Wold Nunatak is a nunatak standing 10 nautical miles (18 km) east of Mount Manthe in the southeast part of the Hudson Mountains. Mapped by United States Geological Survey (USGS) from surveys and U.S. Navy air photos, 1960-66. Named by Advisory Committee on Antarctic Names (US-ACAN) for Richard J. Wold, United States Antarctic Research Program (USARP) geologist at Byrd Station, 1960-61 season.
The Black Nunataks are a group of about nine nunataks located 10 nautical miles (19 km) west-southwest of Mount Harding in the Grove Mountains. They were mapped by Australian National Antarctic Research Expeditions from air photos, 1956–60, and named by the Antarctic Names Committee of Australia after I. Black, a geophysicist at Mawson Station, 1963.
The Bryse Peaks are the twin peaks of a small nunatak, located 4 nautical miles (7 km) north-northeast of Mason Peaks in the Grove Mountains. The nunatak was mapped from Australian National Antarctic Research Expeditions air photos, 1956–60, and named by the Antarctic Names Committee of Australia for R.A. Bryse, topographic draftsman, Division of National Mapping, Australian Department of National Development, who has contributed substantially to the production of Antarctic maps.
Mount Watters is a massive peak westward of Scythian Nunatak in the Allan Hills, Victoria Land. Reconnoitered by the New Zealand Antarctic Research Program (NZARP) Allan Hills Expedition (1964) and named after W.A. Watters, a geologist with the expedition.
The Davey Nunataks are a group of seven nunatak lying 3 nautical miles (6 km) southwest of Mount Harding in the Grove Mountains. They were mapped by Australian National Antarctic Research Expeditions from air photos, 1956–60, and named by the Antarctic Names Committee of Australia for S.L. Davey, a topographic draftsman with the Division of National Mapping, Australian Department of National Development, who contributed substantially to the production of Antarctic maps.
Trubyatchinskiy Nunatak is a nunatak lying 7 nautical miles (13 km) south of Alderdice Peak in the Nye Mountains, Enderby Land. Named by the Soviet Antarctic Expedition, 1961–62, for Soviet magnetician N.N. Trubyatchinskiy (1886–1942).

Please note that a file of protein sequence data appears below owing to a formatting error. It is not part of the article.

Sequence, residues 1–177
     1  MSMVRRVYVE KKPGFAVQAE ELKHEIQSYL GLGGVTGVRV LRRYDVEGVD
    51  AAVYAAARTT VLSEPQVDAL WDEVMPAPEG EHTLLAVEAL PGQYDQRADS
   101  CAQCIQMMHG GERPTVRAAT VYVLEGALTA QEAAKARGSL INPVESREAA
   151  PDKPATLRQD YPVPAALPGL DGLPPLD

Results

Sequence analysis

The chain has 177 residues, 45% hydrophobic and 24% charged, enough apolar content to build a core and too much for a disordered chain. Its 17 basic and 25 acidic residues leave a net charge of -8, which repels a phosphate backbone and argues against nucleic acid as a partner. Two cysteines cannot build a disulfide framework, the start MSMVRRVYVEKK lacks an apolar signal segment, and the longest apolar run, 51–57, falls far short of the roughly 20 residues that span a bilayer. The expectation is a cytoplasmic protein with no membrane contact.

Gomez Nunatak is an isolated nunatak 40 nautical miles (74 km) southwest of Mount Vang, surmounting the interior ice plateau near the base of the Antarctic Peninsula. It was mapped by the United States Geological Survey from ground surveys and U.S. Navy air photos, 1961–67, and was named by the Advisory Committee on Antarctic Names for Jose M. Gomez, a mechanic with the Eights Station winter party in 1965.
The Goodwin Nunataks are a small group of isolated nunataks lying about 10 nautical miles (20 km) west of the Marshall Mountains of Antarctica, at the south side of Walcott Neve. They were named by the Advisory Committee on Antarctic Names after Michael L. Goodwin, a United States Antarctic Research Program geomagmetist and seismologist at South Pole Station, 1960.
The Melvold Nunataks are a group of small nunataks located 14 nautical miles (26 km) west of Mount Harding in the Grove Mountains of Antarctica. They were mapped by Australian National Antarctic Research Expeditions from air photos, 1956–60, and were named by the Antarctic Names Committee of Australia for C.D. Melvold, a radio officer at Mawson Station in 1962.
Heuser Nunatak is a small nunatak that lies 3 nautical miles (6 km) south of Mount Phelan and marks the southern extremity of the Emlen Peaks in the Usarp Mountains of Victoria Land, Antarctica. The nunatak was first mapped by the United States Geological Survey from surveys and U.S. Navy air photos, 1959–64, and was named by the Advisory Committee on Antarctic Names for Charles M. Heuser, a former biological laboratory technician operating at McMurdo Station during 1966–67. This topographical feature lies situated on the Pennell Coast, a portion of Antarctica lying between Cape Williams and Cape Adare.
Skellerup Glacier is a glacier flowing west north west between All-Blacks Nunataks and Wilhoite Nunataks, west of the Churchill Mountains. Named in honor of P. J. Skellerup, who sponsored the Antarctic wing at Canterbury Museum. He is particularly keen on scientific research and donated money to build a specialist Antarctic Library at the Museum. He also donated a large collection of Antarctic materials to the Museum, including some very old and rare Antarctic manuscripts. He remains interested in the collection and has continued his sponsorship and donations over 30+ years.
Tate Rocks is a three small nunataks lying 7 nautical miles (13 km) north-northwest of Mason Peaks in the Grove Mountains. Mapped from air photos, 1956–60, by ANARE Named by Antarctic Names Committee of Australia (ANCA) for K.A. Tate, radio officer at Mawson Station, 1962.
Lewisohn Nunatak is an isolated nunatak 10 nautical miles (19 km) southeast of the Mackay Mountains, in the Ford Ranges of Marie Byrd Land, Antarctica. It was discovered and mapped by the United States Antarctic Service (1939–41), and was named by the Advisory Committee on Antarctic Names for Walter P. Lewisohn, a radio operator with the Byrd Antarctic Expedition (1933–35).